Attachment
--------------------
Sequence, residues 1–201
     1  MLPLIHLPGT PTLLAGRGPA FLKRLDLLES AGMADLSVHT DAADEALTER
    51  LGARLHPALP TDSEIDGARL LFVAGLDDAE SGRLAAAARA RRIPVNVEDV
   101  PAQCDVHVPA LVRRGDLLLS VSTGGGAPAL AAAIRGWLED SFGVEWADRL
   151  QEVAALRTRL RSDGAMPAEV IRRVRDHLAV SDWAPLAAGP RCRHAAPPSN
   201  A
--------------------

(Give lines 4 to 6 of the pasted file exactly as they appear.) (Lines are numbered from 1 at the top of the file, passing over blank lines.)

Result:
   101  PAQCDVHVPA LVRRGDLLLS VSTGGGAPAL AAAIRGWLED SFGVEWADRL
   151  QEVAALRTRL RSDGAMPAEV IRRVRDHLAV SDWAPLAAGP RCRHAAPPSN
   201  A